7. There's a lot of confusion in there on the scales of objects involved. You seem to be jumping between jets produced by a stellar remnant black hole to the ones spewed out by active galactic nuclei, which are millions to billions of times more massive. These jets are primarily hydrogen, because that's still the main element, not helium. And density is nowhere near sufficient for nucleosynthesis. If these clouds get sufficiently large and sufficiently cold to condense into stars, yeah, these will fuse hydrogen and potentially helium into heavier elements. But that's just your conventional stellar fusion. At that point, it's not really just an end point of an active jet, but rather a young star cluster, typically orbiting the galaxy that spit it out, and will typically merge back into that galaxy. It is one of the ways new stars can be added. It's still not the main one, though. Most of the time, the star systems like Sol are born from a supernova directly. The shockwave is rich in heavy elements, many of which can only be produced in a supernova event in the relevant quantities. The shock acts as a nucleation site in the interstellar medium, resulting in a formation of multiple protostars. These are going to be seeded with some heavy elements from the supernova remnant, but will also pick up a lot of fresh hydrogen, which is very much needed to give you more new stars.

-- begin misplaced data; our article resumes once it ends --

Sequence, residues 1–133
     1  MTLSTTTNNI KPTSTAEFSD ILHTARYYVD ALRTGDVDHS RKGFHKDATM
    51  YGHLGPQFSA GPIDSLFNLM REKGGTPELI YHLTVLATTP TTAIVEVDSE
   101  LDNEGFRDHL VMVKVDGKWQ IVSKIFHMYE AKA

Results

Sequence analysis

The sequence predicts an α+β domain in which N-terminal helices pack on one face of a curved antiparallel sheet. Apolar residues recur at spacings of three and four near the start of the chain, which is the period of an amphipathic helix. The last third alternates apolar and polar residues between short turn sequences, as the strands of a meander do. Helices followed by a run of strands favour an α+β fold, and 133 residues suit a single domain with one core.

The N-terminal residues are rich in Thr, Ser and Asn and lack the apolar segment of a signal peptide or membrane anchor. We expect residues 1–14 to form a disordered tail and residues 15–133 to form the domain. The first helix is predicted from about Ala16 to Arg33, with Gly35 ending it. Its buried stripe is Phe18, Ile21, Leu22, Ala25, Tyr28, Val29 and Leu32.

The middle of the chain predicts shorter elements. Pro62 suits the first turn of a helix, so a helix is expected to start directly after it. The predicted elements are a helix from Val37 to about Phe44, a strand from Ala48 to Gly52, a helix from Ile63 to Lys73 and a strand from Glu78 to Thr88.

8. This just clued me in that I can use custom paint scheme with procedural tubes in KSP2 to add accent color strips to any of my rockets, even where I don't need stack separation, and while that was probably not the main intent of this thread, I thank you nonetheless.